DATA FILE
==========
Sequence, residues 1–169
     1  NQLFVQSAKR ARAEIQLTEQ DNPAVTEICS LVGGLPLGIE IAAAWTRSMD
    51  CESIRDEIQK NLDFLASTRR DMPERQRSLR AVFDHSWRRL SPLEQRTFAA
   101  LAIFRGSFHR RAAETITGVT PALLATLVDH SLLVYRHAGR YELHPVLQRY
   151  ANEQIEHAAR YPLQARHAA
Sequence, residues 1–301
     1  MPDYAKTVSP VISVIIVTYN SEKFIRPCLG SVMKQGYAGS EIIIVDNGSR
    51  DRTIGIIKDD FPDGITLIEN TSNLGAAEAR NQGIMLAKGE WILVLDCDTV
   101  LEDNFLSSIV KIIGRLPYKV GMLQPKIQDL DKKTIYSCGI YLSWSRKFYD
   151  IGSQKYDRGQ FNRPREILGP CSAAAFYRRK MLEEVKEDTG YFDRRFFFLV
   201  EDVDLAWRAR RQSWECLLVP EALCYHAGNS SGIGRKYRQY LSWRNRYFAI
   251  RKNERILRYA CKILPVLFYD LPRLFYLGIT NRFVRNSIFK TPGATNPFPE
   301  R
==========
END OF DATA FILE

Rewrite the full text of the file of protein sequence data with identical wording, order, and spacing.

Sequence, residues 1–169
     1  NQLFVQSAKR ARAEIQLTEQ DNPAVTEICS LVGGLPLGIE IAAAWTRSMD
    51  CESIRDEIQK NLDFLASTRR DMPERQRSLR AVFDHSWRRL SPLEQRTFAA
   101  LAIFRGSFHR RAAETITGVT PALLATLVDH SLLVYRHAGR YELHPVLQRY
   151  ANEQIEHAAR YPLQARHAA
Sequence, residues 1–301
     1  MPDYAKTVSP VISVIIVTYN SEKFIRPCLG SVMKQGYAGS EIIIVDNGSR
    51  DRTIGIIKDD FPDGITLIEN TSNLGAAEAR NQGIMLAKGE WILVLDCDTV
   101  LEDNFLSSIV KIIGRLPYKV GMLQPKIQDL DKKTIYSCGI YLSWSRKFYD
   151  IGSQKYDRGQ FNRPREILGP CSAAAFYRRK MLEEVKEDTG YFDRRFFFLV
   201  EDVDLAWRAR RQSWECLLVP EALCYHAGNS SGIGRKYRQY LSWRNRYFAI
   251  RKNERILRYA CKILPVLFYD LPRLFYLGIT NRFVRNSIFK TPGATNPFPE
   301  R